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Introgressing resilience and resource use efficiency traits from Scots bere to elite barley lines (REBEL) (PhD)

Project number
2140011109
Lead partner
James Hutton Institute
Start Date
October 2015
End date
September 2018
AHDB Cereals & Oilseeds funding
£54,000 (Total project cost £93,000)

The challenge

Elite cereal varieties are responsive to high levels of agronomic inputs including pesticides and artificial fertilisers. There is some evidence that on farm yields are reaching a plateau and there is little evidence of an overall increase in abiotic and biotic stress tolerance.

Traits with potential utility in reduced input agriculture or that performed on marginal lands are characteristically expressed in local landraces. Scots beres are old traditional landrace forms of barley found in the Scottish islands, including populations on the Hebrides, Orkney and Shetland. They are adapted to, and yield well under, marginal conditions with impoverished soils. Bere barley has biotic and abiotic stress-tolerance genes and nutritional genes that enable them to efficiently and resiliently yield under low input and stress-prone environments. Some of these genes can be identified and expressed in elite backgrounds to improve the stress tolerance and nutrient use efficiency of cultivars in high productivity barley production.

The project

The overall aim of the proposed project is to assess and genetically characterise bere barley germplasm collections for abiotic and biotic stress tolerance, and to explore the potential of these collections as a resource for improving yield stability and reduced inputs in elite barley.

Specific objectives include:
1.Identify abiotic stress tolerant (salt, phosphate deficiency and micronutrient deficiency/toxicity) and disease resistant (rhynchosporium, powdery mildew) bere accessions from contrasting field sites.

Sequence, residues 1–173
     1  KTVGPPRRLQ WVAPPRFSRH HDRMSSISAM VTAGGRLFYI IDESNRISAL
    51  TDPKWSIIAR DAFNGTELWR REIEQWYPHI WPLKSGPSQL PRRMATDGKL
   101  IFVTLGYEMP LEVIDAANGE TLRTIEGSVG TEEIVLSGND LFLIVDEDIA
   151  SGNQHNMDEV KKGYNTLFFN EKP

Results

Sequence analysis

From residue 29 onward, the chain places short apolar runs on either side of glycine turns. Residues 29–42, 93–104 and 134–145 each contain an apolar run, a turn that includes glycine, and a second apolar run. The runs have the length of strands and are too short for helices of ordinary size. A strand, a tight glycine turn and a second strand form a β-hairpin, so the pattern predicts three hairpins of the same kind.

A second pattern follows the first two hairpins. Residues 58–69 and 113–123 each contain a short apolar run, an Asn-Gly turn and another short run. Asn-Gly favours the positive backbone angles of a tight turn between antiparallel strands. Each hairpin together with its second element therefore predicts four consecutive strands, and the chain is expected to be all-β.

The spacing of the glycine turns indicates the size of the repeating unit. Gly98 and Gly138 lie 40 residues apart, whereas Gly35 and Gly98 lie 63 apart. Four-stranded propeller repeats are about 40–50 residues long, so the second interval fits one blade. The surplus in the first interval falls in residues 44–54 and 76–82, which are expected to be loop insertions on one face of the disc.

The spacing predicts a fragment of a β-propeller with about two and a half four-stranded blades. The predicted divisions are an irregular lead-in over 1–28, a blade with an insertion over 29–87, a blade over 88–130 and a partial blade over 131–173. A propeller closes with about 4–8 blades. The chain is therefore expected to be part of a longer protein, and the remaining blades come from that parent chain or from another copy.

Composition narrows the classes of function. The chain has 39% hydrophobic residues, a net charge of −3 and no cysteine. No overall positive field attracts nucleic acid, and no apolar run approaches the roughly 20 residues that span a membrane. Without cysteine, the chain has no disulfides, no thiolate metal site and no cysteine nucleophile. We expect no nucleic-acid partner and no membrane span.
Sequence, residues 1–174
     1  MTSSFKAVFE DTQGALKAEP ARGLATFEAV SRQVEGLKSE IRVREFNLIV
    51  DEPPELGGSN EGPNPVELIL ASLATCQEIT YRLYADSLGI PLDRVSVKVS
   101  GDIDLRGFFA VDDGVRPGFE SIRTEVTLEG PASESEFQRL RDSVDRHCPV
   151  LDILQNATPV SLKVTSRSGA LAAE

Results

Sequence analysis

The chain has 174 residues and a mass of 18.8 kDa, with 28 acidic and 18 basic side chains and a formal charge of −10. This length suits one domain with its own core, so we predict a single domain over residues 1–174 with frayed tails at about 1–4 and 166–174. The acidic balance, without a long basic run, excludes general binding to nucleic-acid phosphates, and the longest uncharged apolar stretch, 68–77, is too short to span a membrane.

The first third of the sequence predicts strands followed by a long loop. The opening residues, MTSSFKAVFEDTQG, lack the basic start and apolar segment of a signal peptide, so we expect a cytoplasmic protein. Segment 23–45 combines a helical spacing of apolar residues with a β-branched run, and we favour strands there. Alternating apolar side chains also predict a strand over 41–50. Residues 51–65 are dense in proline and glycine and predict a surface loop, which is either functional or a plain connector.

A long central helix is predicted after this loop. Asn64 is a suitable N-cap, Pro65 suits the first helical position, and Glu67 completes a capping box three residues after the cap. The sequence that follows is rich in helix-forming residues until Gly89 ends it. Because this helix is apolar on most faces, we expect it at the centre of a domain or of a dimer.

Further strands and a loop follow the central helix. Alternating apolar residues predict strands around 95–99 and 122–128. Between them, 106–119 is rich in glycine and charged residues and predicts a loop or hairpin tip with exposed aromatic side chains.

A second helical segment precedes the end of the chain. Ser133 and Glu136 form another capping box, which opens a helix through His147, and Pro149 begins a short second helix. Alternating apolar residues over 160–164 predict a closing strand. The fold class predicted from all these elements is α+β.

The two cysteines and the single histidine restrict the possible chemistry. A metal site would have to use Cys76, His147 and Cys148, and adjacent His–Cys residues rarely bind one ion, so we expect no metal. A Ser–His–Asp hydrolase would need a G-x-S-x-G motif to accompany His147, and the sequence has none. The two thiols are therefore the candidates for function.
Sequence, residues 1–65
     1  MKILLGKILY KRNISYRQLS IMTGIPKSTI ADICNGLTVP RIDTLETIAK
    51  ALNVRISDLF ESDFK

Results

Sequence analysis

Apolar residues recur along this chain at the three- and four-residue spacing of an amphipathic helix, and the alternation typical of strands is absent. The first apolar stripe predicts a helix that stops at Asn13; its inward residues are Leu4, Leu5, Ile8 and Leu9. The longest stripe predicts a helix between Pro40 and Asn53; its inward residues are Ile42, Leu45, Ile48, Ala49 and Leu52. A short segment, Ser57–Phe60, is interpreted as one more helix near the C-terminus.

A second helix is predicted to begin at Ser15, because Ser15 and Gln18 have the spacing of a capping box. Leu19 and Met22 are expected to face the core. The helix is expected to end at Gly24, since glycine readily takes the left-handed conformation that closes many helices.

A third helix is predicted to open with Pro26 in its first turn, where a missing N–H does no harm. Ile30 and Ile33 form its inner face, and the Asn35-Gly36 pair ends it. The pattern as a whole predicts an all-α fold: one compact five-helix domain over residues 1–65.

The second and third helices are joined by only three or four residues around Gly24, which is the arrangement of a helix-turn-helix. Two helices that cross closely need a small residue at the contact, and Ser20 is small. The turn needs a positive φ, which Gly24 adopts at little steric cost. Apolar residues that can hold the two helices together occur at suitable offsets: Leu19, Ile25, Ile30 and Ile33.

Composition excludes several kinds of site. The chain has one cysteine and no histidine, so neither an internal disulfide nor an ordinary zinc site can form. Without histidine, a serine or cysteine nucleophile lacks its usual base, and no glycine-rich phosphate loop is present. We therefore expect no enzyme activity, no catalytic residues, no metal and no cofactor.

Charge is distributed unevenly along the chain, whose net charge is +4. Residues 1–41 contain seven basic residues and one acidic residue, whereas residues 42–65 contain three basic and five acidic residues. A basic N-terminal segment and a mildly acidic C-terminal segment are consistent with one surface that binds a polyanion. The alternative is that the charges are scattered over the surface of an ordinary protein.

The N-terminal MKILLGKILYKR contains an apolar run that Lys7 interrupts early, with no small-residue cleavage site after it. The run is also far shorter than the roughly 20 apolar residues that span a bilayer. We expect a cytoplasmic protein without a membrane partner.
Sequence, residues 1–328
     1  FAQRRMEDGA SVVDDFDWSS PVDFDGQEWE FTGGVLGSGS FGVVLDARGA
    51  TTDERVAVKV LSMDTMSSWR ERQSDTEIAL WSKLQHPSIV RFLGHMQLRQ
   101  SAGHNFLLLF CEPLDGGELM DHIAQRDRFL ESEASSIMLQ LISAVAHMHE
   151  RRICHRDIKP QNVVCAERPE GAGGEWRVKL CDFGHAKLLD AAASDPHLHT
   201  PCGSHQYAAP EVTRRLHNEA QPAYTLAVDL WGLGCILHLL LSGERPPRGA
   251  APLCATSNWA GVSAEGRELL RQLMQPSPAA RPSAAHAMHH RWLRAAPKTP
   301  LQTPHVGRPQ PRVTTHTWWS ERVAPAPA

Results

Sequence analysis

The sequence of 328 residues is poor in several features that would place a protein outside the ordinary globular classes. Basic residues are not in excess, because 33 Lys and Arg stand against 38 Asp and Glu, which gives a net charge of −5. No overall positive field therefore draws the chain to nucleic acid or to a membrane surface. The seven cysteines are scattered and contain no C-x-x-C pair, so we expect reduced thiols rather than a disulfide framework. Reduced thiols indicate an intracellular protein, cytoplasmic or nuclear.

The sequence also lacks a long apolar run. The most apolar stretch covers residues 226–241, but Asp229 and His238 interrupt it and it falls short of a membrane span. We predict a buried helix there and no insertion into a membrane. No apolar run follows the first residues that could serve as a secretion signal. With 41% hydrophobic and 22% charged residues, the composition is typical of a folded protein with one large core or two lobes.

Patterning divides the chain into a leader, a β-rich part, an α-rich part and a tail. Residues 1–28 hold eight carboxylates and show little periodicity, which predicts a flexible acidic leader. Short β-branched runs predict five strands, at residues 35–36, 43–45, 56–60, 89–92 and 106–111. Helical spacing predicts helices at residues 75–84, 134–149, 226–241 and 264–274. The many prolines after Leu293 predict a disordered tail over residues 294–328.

2.Assess introgressed populations derived from bere x elite crosses for disease resistance and abiotic stress tolerance, yield and quality in glasshouse screens.
3.Assess selected introgressed lines on contrasting marginal sites and high yield potential sites.
4.Use individual original accessions and introgressed lines to characterise the physiological mechanisms involved in abiotic stress tolerance and disease resistance in the beres.
5. Identify molecular markers associated with key traits of commercial interest.

The benefits

The project will generate results that are of direct benefit to UK barley breeders. This will include information on lines that carry specific valuable traits that can be incorporated into new cultivars with improved yield resilience. Marker trait associations generated in the project will allow breeders to increase the efficiency of the initial introgression of these beneficial traits. In addition, trials under contrasting field conditions, will allow breeders to assess the likely performance of varieties carrying these traits under a wide range of land types and growing conditions. As well as direct industrial benefits, the comparison between elite barley collections and locally adapted landraces will provide important information about the basic biology of nutrient uptake and use in barley.

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